The Next Generation of Team Warpaint

Team Warpaint will be campaigning a new catamaran from Marine Technology Inc., less than a year after crashing in Key West. (Photo courtesy of Team Warpaint.)


Although the Team Warpaint crew has been fairly quiet since its dramatic accident in Key West, Fla., during last year’s Super Boat International Key West World Championships, Bob Vesper and Danny Crank insist they’ve had every intention of returning to the racecourse this season from the day after last year’s crash on the last race of the championships.

The proof is in the new 42-footer built by Marine Technology Inc. that the two have been working on for the past several months to replace the team’s Michael Peters-designed Apache, the US-1 Warpaint built by Ontario Yachts.

Vesper, who owns and drives the boat, said he is hoping to have the boat ready in time for the Clearwater Super Boat National Championship in Florida at the end of September. He said the team is just waiting on the canopy glass to come in and they’ll be on their way to Florida. No matter what, though, the team is sure to be the center of attention when it comes to its return to Key West in mid-November.

Warpaint’s dramatic crash last November in Key West. (Photos by nikonmiami.)

With Crank, the team’s throttleman, handling the rigging of the bare hull from the team’s shop in Hammonton, N.J., Vesper said that they’ve been able to set up the boat exactly how they want it without rushing anything. From calculating the placement of each engine component to get the best balance and a low center of gravity to customizing everything in the cockpit including some new safety features, the team strove for perfection throughout the offshore catamaran, which will be competing in SBI’s new Superboat class (see Champion Stihl Rebuilds to New SBI Superboat Class Specs).

“We were ready to race the next day,” said Vesper, referring to the day after the accident. “Even speaking for Danny, there was never any doubt that we were going to be back out there racing, it was just more of how we were going to do it. It’s kind of funny because last year we were actually looking to switch boats—it wasn’t like we crashed and all of the sudden that made us run out and find a new boat. We had our eyes on this boat already. So when the accident happened, we figured now was as good a time as any to switch rides.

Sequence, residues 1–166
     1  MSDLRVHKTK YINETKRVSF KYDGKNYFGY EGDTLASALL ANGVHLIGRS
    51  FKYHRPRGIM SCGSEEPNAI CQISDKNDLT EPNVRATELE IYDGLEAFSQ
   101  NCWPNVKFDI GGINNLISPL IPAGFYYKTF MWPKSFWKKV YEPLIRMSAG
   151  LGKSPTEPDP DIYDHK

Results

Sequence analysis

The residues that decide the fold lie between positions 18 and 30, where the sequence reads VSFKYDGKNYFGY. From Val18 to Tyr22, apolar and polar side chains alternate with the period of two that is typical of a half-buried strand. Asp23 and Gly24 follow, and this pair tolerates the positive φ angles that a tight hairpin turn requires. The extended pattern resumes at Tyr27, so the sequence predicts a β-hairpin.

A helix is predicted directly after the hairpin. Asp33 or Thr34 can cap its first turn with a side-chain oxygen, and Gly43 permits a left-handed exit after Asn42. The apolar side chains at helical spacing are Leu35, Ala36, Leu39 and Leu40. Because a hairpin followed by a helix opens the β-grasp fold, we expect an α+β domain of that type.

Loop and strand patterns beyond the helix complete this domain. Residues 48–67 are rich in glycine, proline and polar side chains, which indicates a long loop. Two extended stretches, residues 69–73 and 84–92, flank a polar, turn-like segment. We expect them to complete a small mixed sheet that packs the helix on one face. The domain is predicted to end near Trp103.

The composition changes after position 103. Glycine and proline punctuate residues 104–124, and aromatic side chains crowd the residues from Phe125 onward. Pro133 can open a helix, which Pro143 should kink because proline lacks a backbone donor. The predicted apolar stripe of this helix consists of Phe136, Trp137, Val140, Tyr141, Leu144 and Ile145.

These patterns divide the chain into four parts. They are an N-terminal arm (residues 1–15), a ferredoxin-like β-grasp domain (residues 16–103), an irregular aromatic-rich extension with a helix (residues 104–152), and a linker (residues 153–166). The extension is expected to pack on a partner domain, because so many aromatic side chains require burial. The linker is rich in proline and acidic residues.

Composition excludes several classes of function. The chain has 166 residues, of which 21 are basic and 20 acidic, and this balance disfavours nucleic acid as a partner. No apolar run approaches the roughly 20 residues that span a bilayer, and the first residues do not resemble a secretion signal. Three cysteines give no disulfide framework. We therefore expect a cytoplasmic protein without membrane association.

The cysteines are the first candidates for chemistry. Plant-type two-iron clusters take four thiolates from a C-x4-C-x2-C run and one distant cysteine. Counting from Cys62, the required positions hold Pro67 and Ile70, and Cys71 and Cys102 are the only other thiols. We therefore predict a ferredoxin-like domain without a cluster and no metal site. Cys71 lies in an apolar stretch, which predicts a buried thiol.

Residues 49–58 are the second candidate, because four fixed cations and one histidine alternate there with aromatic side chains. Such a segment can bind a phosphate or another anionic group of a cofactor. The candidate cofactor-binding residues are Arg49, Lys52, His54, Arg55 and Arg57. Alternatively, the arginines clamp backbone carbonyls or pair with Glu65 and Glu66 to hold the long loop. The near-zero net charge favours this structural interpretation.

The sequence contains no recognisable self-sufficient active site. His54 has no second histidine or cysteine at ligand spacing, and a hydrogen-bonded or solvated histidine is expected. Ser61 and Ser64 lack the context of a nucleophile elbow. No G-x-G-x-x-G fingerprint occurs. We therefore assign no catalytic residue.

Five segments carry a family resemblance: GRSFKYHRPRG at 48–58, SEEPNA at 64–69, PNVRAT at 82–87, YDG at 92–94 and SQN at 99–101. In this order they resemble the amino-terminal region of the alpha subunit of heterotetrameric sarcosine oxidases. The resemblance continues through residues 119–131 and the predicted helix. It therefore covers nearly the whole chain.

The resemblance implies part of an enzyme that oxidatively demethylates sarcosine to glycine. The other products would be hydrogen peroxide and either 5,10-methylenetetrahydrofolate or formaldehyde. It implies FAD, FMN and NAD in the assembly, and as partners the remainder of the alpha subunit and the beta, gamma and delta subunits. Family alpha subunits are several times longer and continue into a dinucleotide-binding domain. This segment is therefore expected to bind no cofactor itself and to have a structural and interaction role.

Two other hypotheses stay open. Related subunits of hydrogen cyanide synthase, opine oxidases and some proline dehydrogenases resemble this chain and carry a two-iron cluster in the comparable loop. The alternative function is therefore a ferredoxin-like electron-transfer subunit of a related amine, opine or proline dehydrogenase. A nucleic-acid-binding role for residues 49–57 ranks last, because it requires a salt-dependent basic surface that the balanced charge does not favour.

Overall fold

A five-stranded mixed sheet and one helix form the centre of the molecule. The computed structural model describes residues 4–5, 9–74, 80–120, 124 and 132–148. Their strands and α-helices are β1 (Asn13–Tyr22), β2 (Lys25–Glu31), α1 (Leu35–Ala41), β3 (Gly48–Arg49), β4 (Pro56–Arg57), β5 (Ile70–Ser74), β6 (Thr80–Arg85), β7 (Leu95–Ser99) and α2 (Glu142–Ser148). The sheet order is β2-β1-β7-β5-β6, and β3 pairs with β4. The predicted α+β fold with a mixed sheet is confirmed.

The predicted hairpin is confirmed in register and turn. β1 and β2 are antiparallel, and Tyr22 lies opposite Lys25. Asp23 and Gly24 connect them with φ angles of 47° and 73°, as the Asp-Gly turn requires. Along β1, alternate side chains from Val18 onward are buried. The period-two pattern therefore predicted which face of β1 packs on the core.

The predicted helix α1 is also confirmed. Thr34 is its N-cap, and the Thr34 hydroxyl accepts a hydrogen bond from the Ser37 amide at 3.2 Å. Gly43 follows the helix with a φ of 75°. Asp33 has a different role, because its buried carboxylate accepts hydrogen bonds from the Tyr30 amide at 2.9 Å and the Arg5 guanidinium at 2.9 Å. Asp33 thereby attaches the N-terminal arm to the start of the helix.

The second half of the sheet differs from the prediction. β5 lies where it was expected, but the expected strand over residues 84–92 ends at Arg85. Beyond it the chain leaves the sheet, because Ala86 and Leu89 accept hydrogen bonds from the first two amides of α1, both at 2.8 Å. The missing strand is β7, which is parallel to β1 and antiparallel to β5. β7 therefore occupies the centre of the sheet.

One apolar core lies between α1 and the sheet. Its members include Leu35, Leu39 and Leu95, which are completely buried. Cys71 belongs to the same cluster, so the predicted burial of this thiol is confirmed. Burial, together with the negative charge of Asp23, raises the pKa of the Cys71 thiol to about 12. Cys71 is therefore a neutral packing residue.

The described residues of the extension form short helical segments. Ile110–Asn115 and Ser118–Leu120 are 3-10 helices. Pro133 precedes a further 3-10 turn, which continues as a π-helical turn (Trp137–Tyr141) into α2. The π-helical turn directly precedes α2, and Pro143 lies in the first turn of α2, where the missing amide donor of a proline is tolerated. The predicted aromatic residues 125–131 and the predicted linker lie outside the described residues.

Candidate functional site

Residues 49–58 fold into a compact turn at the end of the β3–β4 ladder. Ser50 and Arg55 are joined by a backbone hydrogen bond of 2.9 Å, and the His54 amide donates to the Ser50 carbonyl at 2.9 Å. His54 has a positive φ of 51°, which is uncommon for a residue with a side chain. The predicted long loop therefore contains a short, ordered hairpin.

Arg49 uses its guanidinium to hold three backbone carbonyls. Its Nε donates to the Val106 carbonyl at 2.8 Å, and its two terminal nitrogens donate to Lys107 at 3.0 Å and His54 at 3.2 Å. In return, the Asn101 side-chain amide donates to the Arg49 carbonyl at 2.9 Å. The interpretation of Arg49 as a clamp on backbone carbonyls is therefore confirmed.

“I’ve always like the design of MTI’s boats—they’re very close to our old boat with the low-slung canopy design,” he continued. “This particular boat isn’t one of those light boats you add weight to so you can race. It was built specifically to be a Superboat in the 9,500-pound category. It’s a solid boat with heavy lamination for the cockpit. That’s one thing that turned us on to it. MTI covers the safety aspect very well, providing a substantial roll cage for the boat.”

Mainstays at the Key West World Championships, New Jersey racers Bob Vesper (left) and Danny Crank have been competing together since 2008. (Photo courtesy of Team Warpaint.)

Sticking with 750-hp engines from Sterling Performance, the team isn’t expecting to be competitive right away. Still, Vesper and Crank both agree it’s going to be hard to remain patient while they get enough seat time in the boat to really get after it.

“Yeah that might last a lap,” Crank said with a chuckle after Vesper commented about the team’s strategy to take it easy out of the gates during its first race, whether it’s Clearwater or Key West. “We’re hoping we can get to Clearwater to get some seat time in the boat before Key West, as well as be there for the Tampa Bay kids charities.”

Bob Vesper is extremely excited about his new ride—the white 42-footer from MTI sitting next to his class 41-foot Apache. (Photo courtesy of Team Warpaint.)

While the teammates who have been racing together since 2008 are expecting—even hoping for—much of the limelight in Key West, they are planning to remain focused as if it was just another world championship.

“I want everybody to be there when we roll into town though,” Vesper said with a smile, adding that the team plans to idle to the spot of last year’s accident during its first test run, and go from there. “We’re going to start where we left off.”

Former Powerboat editor Jason Johnson was an integral part of the magazine staff from 2005 through 2011, utilizing journalistic integrity and experience in and around performance boats to report on all aspects of the go-fast lifestyle. The award-winning writer resides in Southern California and is the executive editor and co-publisher of, and writes for Sportboat and Powerboating in Paradise magazines.



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